In his continuing series of catecheses on spiritual discernment at the General Audience on Wednesday, 12 October , the Pope added another important element to the discernment process: desire. Desire, he explained, “is a nostalgia for fullness that never finds complete fulfilment, and is the sign of God's presence in us”. He urged the faithful to “be careful not to atrophy desire. We are bombarded by a thousand proposals, projects, possibilities”, he said, “which risk distracting us and not permitting us to calmly evaluate what we really want". The following is a translation of the Holy Father's words, which he shared with pilgrims gathered in Saint Peter's Square.
Dear brothers and sisters, good morning!
In these catecheses we are reviewing the elements of discernment. After prayer and self-knowledge, that is, praying and knowing oneself, today I would like to talk about another indispensable, so to speak, “ingredient”: today I would like to talk about desire. In fact, discernment is a form of searching, and searching always stems from something which we lack but which we somehow know — we have intuition.
What kind of knowledge is this? Spiritual teachers refer to it using the term “desire”, which, fundamentally, is a nostalgia for fullness that never finds complete fulfilment, and is the sign of God’s presence in us. Desire is not the craving of the moment, no. The Italian word, [desiderio ], comes from a very beautiful Latin term, this is curious: de-sidus, literally “lack of the star”. Desire is the lack of the star, the lack of the reference point that orients the path of life; it evokes a suffering, a lack, and at the same time a tension to reach the good that we are missing. Desire, then, is the compass to understand where I am and where I am going; or rather, it is the compass to understand if I am still or if I am moving; a person who never desires is a static person, perhaps ill, almost dead. It is the compass to know if I am moving or if I am standing still. And how is it possible to recognize it?
Let us think, a sincere desire knows how to deeply touch the chords of our being, which is why it is not extinguished in the face of difficulties or setbacks. It is like when we are thirsty: if we do not find something to drink, we do not give up; on the contrary, the yearning increasingly occupies our thoughts and actions, until we become willing to make any sacrifice in order to quench it — almost obsessed. Obstacles and failures do not stifle desire, no; on the contrary, they make it even more alive in us.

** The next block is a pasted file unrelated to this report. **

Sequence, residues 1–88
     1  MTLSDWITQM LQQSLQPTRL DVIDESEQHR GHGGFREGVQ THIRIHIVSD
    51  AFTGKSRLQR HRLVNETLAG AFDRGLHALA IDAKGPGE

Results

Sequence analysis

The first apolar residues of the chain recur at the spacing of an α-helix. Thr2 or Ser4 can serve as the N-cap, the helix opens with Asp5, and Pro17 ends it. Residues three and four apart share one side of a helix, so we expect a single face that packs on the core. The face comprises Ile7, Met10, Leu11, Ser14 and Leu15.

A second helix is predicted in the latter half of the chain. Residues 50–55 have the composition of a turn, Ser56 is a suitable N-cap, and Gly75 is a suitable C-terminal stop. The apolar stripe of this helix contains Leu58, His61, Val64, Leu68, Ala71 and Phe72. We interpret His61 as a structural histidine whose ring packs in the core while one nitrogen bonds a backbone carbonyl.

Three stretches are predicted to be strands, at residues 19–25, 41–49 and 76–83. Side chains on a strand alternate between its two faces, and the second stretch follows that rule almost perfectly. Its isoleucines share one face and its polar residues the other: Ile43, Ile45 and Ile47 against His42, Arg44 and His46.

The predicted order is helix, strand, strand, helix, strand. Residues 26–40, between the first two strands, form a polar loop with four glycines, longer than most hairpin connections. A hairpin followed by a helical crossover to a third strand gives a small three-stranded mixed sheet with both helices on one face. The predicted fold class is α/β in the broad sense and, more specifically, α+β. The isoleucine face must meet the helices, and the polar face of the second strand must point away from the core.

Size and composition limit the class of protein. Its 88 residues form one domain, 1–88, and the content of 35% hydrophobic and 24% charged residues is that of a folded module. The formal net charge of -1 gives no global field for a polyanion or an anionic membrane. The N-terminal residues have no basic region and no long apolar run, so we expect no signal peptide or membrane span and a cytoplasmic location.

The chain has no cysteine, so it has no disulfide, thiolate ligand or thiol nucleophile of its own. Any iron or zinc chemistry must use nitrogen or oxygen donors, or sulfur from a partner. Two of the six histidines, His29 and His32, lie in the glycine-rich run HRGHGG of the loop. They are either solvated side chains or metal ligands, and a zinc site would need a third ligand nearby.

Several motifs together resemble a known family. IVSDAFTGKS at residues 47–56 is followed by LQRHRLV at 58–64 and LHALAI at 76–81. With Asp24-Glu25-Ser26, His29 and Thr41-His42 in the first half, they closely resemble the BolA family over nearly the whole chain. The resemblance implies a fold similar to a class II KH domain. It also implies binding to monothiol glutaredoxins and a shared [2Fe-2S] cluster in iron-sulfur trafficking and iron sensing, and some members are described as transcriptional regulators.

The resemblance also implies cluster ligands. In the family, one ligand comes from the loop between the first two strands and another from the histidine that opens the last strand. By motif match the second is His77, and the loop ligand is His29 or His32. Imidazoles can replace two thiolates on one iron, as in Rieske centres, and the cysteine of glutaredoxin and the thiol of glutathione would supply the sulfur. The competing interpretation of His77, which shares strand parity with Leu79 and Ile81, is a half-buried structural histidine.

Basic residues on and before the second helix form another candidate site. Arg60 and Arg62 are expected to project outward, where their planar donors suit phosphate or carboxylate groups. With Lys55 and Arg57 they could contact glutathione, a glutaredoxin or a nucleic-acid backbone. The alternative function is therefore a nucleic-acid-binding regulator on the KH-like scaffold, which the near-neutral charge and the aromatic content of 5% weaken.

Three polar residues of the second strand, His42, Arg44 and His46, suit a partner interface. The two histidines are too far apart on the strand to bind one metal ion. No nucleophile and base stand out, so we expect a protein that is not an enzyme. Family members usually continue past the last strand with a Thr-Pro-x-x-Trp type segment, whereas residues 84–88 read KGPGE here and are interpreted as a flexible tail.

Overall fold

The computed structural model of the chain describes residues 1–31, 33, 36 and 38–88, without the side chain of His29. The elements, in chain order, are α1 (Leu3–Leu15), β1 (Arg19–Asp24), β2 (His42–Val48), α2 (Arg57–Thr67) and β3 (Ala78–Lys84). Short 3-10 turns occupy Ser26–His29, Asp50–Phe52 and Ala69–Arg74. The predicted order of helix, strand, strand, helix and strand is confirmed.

Unlike a momentary craving or emotion, desire lasts through time, even a long time, and tends to materialize. If, for example, a young person wishes to become a doctor, he or she will have to embark on a course of study and work that will occupy several years of his or her life, and consequently will have to set limits, say “no” first of all to other courses of study, but also to possible diversions and distractions, especially during the most intense periods of study. However, the desire to give his or her life a direction and to reach that goal — to become a doctor was the example — enables him or her to overcome these difficulties. Desire makes you strong, it makes you courageous, it makes you keep going forward, because you want to arrive at that: “I desire that”.
In effect, a value becomes beautiful and more easily achievable when it is attractive. As someone said, “more important than being good is having the desire to become good”. Being good is something attractive, we all want to be good, but do we have the wish to become good?